As with the Gallery at 100 Market Street, the KAA shows are always very well-hung. Judith Bryant has a remarkable eye for making very diverse work, in medium, theme and quality, work together. And, she has no prior knowledge what she will have to work with until it arrives!
Not as challenging or thought-provoking as the Portsmouth show, but definitely worth the drive to Kittery Point his week-end.
The Kittery Art Association is located at 8 Coleman Avenue, Kittery Point, Maine. They are open from 12-6 on Saturdays and 12-5 on Sundays. http://www.kitteryartassociation.com
I can safely say that I saw some very high quality art today!! What a treat! And, I had “time to kill”, which as an artist means that I need to find something to draw on or, take in the answers others can give to you from their own visions. So, the perfect excuse!!
I have been meaning to get to the Gallery at 100 Market Street in Portsmouth to walk this show. I show here fairly often and the parameters of this show would have necessitated new work that I had no time to create. But, because I have a great respect for the curator and the quality of the work that she presents, I needed to make it a point to see “Guise, Garment and Textile”.
OK, I was hooked right here! The props and the photos of them on the “family” made it all too relevant. It almost felt like “Antiques Roadshow” where a participant shows up with the antique and all sorts of provenance.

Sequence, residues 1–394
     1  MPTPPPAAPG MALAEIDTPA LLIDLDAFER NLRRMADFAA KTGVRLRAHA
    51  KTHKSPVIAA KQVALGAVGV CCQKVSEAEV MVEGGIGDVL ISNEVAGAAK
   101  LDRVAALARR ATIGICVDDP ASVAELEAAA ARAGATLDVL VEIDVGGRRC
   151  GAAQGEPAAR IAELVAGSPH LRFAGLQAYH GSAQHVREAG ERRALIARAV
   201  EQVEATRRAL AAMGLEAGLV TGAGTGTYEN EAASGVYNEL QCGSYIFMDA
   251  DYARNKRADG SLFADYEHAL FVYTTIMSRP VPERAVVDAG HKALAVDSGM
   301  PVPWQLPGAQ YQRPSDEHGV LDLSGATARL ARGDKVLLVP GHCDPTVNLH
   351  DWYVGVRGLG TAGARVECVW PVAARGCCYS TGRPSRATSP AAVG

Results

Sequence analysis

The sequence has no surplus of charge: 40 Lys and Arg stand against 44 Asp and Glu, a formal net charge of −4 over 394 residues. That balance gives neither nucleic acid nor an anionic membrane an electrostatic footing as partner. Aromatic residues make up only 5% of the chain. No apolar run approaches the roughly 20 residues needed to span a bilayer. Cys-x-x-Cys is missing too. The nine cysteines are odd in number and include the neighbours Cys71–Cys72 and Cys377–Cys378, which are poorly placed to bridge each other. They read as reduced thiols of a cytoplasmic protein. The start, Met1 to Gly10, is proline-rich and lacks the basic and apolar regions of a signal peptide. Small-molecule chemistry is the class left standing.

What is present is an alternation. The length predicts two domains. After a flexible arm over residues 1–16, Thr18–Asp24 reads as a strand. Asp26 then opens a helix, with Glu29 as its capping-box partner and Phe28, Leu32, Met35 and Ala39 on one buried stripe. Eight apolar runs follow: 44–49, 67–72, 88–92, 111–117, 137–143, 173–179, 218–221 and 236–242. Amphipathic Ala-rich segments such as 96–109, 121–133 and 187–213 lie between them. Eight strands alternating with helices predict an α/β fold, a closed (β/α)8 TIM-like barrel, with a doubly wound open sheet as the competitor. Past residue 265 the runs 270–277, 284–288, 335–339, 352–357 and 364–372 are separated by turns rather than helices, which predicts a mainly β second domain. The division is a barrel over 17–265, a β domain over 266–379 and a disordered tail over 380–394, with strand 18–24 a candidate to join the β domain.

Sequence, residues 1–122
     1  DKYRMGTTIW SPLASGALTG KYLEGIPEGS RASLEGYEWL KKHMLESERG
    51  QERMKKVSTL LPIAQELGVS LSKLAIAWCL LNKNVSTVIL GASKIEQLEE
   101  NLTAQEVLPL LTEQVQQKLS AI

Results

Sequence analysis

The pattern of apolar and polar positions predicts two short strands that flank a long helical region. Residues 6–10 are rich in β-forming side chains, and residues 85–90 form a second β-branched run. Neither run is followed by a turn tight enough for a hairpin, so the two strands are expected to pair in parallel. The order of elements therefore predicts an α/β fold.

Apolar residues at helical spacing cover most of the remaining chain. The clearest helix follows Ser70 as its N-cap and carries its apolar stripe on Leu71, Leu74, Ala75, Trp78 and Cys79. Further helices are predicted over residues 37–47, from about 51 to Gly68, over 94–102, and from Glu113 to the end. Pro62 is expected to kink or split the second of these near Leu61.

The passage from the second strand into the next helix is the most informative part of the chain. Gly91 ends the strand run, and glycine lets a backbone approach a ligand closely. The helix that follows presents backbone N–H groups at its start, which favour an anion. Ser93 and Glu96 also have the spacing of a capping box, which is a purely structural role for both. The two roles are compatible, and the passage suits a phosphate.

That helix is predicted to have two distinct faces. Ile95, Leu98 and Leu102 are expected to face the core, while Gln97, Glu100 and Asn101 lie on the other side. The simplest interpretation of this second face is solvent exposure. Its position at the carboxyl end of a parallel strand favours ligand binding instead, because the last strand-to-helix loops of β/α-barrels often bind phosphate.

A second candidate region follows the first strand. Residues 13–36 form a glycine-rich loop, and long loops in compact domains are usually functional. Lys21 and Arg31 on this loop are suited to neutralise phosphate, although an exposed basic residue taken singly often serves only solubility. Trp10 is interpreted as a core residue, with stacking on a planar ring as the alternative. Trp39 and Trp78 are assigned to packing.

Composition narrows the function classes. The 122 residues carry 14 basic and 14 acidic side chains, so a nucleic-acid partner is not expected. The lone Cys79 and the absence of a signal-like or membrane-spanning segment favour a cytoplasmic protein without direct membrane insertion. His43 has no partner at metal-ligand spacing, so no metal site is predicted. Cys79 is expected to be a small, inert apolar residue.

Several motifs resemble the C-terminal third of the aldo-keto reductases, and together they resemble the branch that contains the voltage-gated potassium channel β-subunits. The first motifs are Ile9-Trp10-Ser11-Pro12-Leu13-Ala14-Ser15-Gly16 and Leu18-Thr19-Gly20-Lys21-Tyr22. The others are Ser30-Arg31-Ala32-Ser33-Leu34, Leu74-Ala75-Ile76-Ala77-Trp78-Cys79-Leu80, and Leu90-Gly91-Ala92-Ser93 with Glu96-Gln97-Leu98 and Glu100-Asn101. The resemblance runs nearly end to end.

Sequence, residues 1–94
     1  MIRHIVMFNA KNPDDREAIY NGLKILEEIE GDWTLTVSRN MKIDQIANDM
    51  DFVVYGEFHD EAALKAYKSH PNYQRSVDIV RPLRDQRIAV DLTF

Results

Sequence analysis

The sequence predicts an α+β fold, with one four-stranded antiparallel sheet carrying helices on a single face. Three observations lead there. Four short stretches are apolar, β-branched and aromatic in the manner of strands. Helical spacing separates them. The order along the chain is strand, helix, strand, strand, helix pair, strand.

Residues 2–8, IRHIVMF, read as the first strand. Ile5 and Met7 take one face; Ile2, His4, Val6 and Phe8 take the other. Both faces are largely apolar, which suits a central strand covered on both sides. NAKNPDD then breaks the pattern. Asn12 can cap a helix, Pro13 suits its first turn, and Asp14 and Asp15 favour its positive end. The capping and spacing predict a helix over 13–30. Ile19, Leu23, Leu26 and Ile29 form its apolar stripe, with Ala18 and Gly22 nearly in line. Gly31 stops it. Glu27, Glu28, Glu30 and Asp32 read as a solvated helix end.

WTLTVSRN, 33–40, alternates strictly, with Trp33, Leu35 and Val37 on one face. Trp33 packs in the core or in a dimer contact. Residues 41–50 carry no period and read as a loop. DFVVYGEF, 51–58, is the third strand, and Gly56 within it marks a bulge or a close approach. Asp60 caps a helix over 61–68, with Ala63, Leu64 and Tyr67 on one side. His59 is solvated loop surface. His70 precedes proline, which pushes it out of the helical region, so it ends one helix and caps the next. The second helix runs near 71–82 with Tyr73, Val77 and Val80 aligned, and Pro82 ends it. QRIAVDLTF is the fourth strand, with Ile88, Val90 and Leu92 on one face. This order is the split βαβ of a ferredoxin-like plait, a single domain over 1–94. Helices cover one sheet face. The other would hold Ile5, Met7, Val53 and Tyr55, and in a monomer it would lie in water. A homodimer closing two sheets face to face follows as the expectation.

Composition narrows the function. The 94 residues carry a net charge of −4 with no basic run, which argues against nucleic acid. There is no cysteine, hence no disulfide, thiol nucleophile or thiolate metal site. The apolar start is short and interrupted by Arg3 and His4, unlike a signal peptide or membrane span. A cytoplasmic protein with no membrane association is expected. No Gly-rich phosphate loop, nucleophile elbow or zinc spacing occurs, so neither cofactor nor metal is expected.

David Mendelsohn is an acquaintance I very much admire, though he does push a feminist button or two with his work, when he eliminates heads and covers them with hat boxes.
Denis Perrin’s work, including “Watching for Swallows” was so historically perfect I had to wonder if he was born 150 years ago. Style, paint and application was too incredibly European Impression, almost Berthe Morisot.
The 3rd floor belongs to Caroline Rufo. This articulate abstract craftswoman reinvents the likes of Richard Diebenkorn and all other painters who have taken their compositional inspiration from aerial photography. Her titles, like “Seeking Union” also allude to architecture and building, in the emotional sense.
But, there is sometimes a sour note in a show this well executed. And, it is on the 4th floor, which tells me that it is good enough for the show, but maybe it needed to be on the 4th floor-for political reasons.
I am native American, so a piece like this entitled “The Raiding Party” was not a happy end. From purely aesthetic principles, a well-articulated and executed piece-but it smacks of knowing nothing of the Trail of Tears or any of the other atrocities that my people dealt with.
Overall, this show is one of the best that Portsmouth has offered in a long time. And, since I am very pro First Amendment, I applaud all of the work in this show, whether or not I agree with politics or philosophy, because of the quality of the execution.
The Gallery at 100 Market Street in Portsmouth is open Monday-Friday on all 4 floors. The 3rd and 4th floors are not available on the week-ends. This show runs through mid-February.